Mailvelope: use OpenPGP encryption on Gmail, Yahoo, Hotmail and other webmail services
If you prefer to use a webmail interface such as those provided by Gmail, Hotmail or Yahoo! Mail, you probably know that you cannot really secure your data directly when you are using those services. The majority of popular webmail services do not support email encryption for instance which would protect the content of messages from being read by automated tools and anyone else with access.
Mailvelope is a free browser extension for Google Chrome and Mozilla Firefox that introduces OpenPGP encryption to webmail services that you may be using. The extension ships with support for Gmail, Yahoo! Mail, Outlook and GMX by default, and options to integrate other web-based email providers as well.
Setup is a little bit complicated, especially if you have never worked with PGP before. After you have installed the extension in your browser of choice, it is necessary to either create a new encryption key or import an existing one.
OpenPGP for webmail services
If you need to generate a new key, you are asked to enter your name and email address, and a passphrase that is used to encrypt and decrypt messages. If you want, you can also change the algorithm and key size (default 1024 up to 4096), and set an expiration date.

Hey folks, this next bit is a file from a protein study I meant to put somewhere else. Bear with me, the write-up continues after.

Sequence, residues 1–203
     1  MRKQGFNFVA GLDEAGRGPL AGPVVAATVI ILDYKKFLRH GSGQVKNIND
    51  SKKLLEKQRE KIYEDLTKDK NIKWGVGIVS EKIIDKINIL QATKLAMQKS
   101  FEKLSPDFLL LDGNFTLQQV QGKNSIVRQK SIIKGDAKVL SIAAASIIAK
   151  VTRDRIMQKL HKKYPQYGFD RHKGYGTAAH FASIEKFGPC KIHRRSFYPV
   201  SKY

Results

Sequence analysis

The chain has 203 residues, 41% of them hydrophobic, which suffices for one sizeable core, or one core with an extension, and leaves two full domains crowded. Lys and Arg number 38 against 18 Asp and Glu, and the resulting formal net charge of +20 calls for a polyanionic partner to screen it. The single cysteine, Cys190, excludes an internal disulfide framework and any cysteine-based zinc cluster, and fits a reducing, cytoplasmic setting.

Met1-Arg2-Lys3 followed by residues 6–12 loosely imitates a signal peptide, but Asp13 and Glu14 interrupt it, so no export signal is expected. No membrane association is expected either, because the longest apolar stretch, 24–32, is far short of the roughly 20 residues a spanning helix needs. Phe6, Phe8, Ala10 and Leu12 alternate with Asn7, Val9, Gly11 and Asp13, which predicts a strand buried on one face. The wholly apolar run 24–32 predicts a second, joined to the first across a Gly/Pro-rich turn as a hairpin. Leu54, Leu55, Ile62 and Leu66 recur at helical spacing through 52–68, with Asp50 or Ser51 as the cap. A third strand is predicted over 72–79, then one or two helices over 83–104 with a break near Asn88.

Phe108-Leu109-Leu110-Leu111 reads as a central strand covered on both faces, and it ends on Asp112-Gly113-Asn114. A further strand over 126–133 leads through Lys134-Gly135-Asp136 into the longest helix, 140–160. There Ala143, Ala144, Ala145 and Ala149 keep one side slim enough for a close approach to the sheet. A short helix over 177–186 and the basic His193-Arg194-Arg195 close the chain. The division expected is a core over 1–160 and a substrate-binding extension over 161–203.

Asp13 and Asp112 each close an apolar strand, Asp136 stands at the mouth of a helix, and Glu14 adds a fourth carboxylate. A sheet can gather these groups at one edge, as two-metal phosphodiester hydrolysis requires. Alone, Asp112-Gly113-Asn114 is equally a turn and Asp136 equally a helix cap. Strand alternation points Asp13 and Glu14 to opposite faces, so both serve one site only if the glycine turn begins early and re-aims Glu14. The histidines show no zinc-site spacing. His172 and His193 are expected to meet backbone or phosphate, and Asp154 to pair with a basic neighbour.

You need to import public keys as well here from your contacts so that you can encrypt messages for them.
I recommend you check out the settings before you head out to your webmail service of choice to start encrypting your emails.
Some interesting options that you have are the following:
- Select whether you want to use the mail service's compose window or a separate editor.
- Select whether you want to decrypt messages on the page of the mail provider or a separate window.
- Set a primary key you want to be selected automatically.
Here you can also add other mail providers to the list of supported services.
A new icon is displayed in the compose window once you have added at least one key for a supported email address. When you click on it, a new window pops up that lets you compose the message. I highly recommend you keep the default option of composing emails in a separate window as contents may leak otherwise, for example when they are auto-saved.